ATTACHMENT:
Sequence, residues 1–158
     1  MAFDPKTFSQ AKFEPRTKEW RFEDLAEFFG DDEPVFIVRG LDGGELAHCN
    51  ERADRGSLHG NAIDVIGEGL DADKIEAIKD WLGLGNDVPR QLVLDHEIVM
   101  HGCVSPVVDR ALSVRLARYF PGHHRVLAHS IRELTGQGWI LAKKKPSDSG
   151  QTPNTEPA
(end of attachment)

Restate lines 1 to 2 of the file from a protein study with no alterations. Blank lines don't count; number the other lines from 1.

Sequence, residues 1–158
     1  MAFDPKTFSQ AKFEPRTKEW RFEDLAEFFG DDEPVFIVRG LDGGELAHCN